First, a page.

Regulatory Affairs Specialists coordinates and documents internal regulatory processes, such as internal audits, inspections, license and permit renewals, or registrations. They develop procedures to make certain regulatory compliance is followed. Regulatory Affairs Specialists coordinate, prepare, or review regulatory submissions for marketing new or modifying existing products for domestic and international use. They interact with and respond to regulatory agencies requests concerning submitted paperwork.

Tools and Technology

Compliance Officers use a variety of tools including calculators, computers, digital cameras, scanners, and smart phones. The technologies they use include different types of software, such as analytical or scientific, compliance, database user interface and query, document management, spreadsheet, and word processing.

Important Tasks and Related Skills

The tasks listed below are a combination of Compliance Officers and the specialties within this occupation. Each task below is matched to a sample skill required to carry out the task.

View the skill definitions
TaskSkill Used in this Task
Prepare written, oral, tabular, and graphic reports summarizing requirements and regulations, including enforcement and chain of custody documentation.Written Expression
Learn and observe proper safety precautions, rules, regulations, and practices so that unsafe conditions can be recognized and proper safety protocols implemented.Public Safety and Security
Evaluate applications, records, and documents in order to gather information about eligibility or liability issues.Reading Comprehension
Investigate employment practices and alleged violations of laws, in order to document and correct discriminatory factors.Critical Thinking
Examine records, reports, and documents in order to establish facts and detect discrepancies.Problem Sensitivity
Confer with officials of public health and law enforcement agencies to coordinate interdepartmental activities.Speaking
Maintain current knowledge base of existing and emerging regulations, standards, or guidance documents.Active Learning
Interpret regulatory rules or rule changes and ensure that they are communicated through corporate policies and procedures.Law and Government
Coordinate efforts associated with the preparation of regulatory documents or submissions.Information Ordering
Write or update standard operating procedures, work instructions, or policies.Writing
Prepare correspondence, reports of inspections or investigations, and recommendations for action.English Language
Provide information, technical assistance, and training to supervisors, managers, and employees on topics such as employee supervision, hiring, grievance procedures, and staff development.Education and Training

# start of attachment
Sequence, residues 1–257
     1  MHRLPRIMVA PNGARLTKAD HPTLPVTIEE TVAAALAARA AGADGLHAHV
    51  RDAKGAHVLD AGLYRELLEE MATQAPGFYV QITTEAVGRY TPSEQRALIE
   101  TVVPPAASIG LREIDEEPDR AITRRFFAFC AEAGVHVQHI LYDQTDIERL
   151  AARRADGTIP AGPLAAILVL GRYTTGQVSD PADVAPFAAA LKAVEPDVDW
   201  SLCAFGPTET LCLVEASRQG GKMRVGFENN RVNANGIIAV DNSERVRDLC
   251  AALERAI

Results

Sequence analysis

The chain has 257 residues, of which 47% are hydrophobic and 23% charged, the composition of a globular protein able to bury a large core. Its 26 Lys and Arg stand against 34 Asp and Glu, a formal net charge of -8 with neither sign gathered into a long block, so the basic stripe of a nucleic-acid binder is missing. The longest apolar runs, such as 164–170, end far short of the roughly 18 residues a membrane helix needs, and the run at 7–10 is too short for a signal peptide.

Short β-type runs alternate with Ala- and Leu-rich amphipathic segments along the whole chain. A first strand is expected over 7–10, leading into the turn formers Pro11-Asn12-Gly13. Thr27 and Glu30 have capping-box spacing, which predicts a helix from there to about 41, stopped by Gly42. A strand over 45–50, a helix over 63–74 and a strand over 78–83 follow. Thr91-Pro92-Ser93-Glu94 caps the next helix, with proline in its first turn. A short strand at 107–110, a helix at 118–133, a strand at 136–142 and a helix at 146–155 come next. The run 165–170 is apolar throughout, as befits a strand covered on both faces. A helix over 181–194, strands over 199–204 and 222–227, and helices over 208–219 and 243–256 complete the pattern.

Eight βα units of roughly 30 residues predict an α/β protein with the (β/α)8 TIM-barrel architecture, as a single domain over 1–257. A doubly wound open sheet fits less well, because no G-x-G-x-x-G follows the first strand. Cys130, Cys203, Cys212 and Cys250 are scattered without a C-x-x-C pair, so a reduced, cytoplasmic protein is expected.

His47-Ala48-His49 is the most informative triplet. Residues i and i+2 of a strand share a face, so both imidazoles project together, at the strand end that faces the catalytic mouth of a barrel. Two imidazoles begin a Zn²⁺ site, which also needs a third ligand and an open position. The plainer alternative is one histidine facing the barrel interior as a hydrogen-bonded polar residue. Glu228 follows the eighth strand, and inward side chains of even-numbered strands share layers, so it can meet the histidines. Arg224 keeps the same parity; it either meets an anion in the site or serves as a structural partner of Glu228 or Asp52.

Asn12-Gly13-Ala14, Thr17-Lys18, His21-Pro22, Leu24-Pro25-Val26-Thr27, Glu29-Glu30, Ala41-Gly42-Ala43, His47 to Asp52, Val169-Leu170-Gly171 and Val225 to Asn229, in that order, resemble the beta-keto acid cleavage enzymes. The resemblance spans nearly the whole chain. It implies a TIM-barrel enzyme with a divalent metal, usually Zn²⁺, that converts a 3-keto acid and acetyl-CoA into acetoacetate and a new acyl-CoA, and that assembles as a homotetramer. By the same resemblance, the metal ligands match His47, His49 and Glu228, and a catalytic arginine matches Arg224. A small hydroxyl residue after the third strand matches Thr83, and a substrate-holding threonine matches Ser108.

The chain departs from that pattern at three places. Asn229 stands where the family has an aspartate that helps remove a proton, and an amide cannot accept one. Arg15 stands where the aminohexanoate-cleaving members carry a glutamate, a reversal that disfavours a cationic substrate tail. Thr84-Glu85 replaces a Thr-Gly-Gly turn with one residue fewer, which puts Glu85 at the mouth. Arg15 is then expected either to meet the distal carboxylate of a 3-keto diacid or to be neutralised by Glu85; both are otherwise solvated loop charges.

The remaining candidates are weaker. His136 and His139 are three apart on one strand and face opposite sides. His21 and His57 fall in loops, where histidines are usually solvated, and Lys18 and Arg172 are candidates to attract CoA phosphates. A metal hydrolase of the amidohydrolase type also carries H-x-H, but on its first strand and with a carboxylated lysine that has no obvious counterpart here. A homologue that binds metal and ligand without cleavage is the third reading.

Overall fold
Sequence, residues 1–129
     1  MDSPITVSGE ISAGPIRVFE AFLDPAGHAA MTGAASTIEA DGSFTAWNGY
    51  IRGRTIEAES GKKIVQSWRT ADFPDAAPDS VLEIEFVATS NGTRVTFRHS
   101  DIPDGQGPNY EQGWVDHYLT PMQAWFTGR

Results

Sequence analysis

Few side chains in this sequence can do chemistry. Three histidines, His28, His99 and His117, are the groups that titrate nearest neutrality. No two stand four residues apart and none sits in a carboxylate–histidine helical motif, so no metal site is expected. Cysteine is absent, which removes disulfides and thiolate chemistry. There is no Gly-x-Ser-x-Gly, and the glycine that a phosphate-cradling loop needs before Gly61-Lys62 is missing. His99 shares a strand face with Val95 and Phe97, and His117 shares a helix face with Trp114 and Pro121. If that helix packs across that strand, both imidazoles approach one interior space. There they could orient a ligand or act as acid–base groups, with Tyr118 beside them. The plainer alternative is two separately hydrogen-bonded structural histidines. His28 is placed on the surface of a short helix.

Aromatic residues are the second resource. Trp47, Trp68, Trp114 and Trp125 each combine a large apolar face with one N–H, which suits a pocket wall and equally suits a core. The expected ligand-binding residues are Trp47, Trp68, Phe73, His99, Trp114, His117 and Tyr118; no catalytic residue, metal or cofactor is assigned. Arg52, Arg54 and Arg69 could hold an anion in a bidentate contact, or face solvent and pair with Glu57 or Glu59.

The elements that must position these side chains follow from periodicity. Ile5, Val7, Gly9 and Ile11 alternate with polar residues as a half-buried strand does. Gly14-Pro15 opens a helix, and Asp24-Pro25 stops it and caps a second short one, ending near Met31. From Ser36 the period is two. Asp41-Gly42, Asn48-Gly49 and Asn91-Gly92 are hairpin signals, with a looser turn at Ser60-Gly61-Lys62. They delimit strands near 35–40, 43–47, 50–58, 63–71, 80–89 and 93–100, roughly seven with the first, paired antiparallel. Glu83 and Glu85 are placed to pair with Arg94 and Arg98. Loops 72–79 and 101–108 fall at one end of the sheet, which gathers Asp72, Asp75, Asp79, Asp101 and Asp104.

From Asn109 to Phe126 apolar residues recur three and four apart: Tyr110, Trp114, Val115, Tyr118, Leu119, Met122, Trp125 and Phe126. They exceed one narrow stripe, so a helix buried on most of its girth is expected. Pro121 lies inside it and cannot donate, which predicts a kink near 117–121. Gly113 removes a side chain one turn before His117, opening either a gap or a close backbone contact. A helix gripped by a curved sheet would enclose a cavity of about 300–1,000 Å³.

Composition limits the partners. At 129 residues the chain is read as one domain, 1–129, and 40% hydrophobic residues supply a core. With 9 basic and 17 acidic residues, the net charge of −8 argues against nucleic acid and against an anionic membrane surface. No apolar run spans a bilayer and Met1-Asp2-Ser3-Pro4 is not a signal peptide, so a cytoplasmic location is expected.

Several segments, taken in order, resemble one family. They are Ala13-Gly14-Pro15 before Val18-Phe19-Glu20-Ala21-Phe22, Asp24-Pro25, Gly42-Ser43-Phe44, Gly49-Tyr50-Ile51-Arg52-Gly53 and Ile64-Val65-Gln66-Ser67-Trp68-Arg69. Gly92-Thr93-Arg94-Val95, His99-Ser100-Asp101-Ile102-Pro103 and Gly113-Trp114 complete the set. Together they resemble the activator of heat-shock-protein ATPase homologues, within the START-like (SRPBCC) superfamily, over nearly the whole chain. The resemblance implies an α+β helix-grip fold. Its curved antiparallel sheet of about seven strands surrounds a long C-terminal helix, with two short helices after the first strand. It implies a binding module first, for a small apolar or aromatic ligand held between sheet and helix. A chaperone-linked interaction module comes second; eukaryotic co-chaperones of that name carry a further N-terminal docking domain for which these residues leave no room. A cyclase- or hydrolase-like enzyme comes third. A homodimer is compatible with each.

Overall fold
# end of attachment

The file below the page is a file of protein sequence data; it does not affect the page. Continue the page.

Source: U.S. Department of Labor Occupational Information Network (O*NET)

Working Conditions

Most Compliance Officers work in office buildings. They spend time speaking to various groups or individuals such as employees, company executives, and community members. Compliance Officers may also consult with government agencies on local, state, and federal laws and regulations. In addition, they may travel to other locations to attend meetings or professional conferences. Most Compliance Officers work a standard 40-hour week, but occasionally evening, weekend, and holiday work may be required.

Unionization is not common in this occupation. However, Compliance Officers who work for government agencies may belong to a union.

Will This Job Fit Me?

The job of Compliance Officer may appeal to those who enjoy accuracy and attention to detail while following set procedures. In addition, those who like activities that are organized and clearly defined may also enjoy this type of work.

What Wages and Benefits Can I Expect?

Wages

The median wage in 2016 for Compliance Officers in California is $77,693 annually, or $37.35 hourly. The median wage for Compliance Officers in San Diego County is $79,514 annually, or $38.23 hourly. The median is the point at which half of the workers earn more and half earn less.

Change to Hourly Wages
Annual Wages for 2016Low
(25th percentile)
Median
(50th percentile)
High
(75th percentile)
California$59,313$77,693$93,544
San Diego County$58,351$79,514$88,571
Source: EDD/LMID Occupational Employment Statistics Survey, 2016 Wages do not reflect self-employment.
View Wages for All Areas

Benefits

Compliance Officers generally receive health and life insurance, vacation, sick leave, and retirement plans.

What is the Job Outlook?

As more companies focus their attention on compliance and ethics programs, it is expected that there would be increased opportunities for Compliance Officers. However, during economic downturns, the number of job openings may decline.

Projections of Employment

In California, the number of Compliance Officers is expected to grow slower than average growth rate for all occupations. Jobs for Compliance Officers are expected to increase by 10.2 percent, or 3,300 jobs between 2014 and 2024.

In San Diego County, the number of Compliance Officers is expected to grow slower than average growth rate for all occupations. Jobs for Compliance Officers are expected to increase by 13.3 percent, or 540 jobs between 2012 and 2022.

Estimated Employment and Projected Growth